Infuriated by unnecessary touching endured by women everyday, Louisa Keogh empowered herself to turn her anger into poetry.
Apologies often fall from the lips of those who value their personal space.
A defender of not wanting the air to be invaded by foreign species,
A woman is looked down on for being too sensitive; surely you understand that your body does not belong to you?
The body becomes a live wire when it’s circumference is threatened, it’s shape prey to those with eyes that weigh heavily.
When you can feel this weight,
A physical touch becomes magnified and overpowering.
A brush becomes a strike when anticipation left the house with her that morning.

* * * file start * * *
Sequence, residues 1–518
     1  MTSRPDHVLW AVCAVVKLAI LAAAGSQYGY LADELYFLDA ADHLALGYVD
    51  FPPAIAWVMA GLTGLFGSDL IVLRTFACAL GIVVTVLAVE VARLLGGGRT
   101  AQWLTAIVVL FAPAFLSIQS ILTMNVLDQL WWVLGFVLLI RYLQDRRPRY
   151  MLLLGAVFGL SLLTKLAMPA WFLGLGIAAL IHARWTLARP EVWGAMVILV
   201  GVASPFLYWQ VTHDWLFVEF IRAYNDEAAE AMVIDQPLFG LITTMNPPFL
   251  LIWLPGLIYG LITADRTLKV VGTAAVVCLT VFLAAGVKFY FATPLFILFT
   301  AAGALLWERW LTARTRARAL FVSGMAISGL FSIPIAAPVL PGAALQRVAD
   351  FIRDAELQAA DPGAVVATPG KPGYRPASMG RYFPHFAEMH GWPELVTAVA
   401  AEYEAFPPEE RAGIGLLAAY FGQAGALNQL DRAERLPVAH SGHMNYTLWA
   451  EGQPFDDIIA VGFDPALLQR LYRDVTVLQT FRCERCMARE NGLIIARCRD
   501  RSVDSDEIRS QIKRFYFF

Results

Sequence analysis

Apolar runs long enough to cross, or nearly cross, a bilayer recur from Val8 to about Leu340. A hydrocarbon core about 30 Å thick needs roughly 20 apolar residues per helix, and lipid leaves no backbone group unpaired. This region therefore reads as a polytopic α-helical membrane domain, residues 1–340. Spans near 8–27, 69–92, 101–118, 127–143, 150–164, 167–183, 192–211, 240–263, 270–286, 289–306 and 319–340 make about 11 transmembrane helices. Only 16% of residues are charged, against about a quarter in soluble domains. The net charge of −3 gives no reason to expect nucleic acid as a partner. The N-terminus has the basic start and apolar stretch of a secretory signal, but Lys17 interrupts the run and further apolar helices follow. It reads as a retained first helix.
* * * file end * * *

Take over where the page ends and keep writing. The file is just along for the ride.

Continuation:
“You’re very jumpy” becomes synonymous with those who feel it is their right to place
hands upon whomever they choose.
“Do not touch me” a sure way to become a pariah, an overreaction to a friendly gesture.
What you do not know is that I have been anticipating this touch since you entered my space,
Peripheral vision becomes another sense in which your hands become weapons.
Weapons used to subtlety diffuse the hysterical woman.
This woman who had taken a deep breath while padding her mind to fit herself,
Never mind a Darwinian soul who thinks it’s his duty to talk her down off the ledge of bodily rights.
There is no room at this inn, but plenty of fight in her.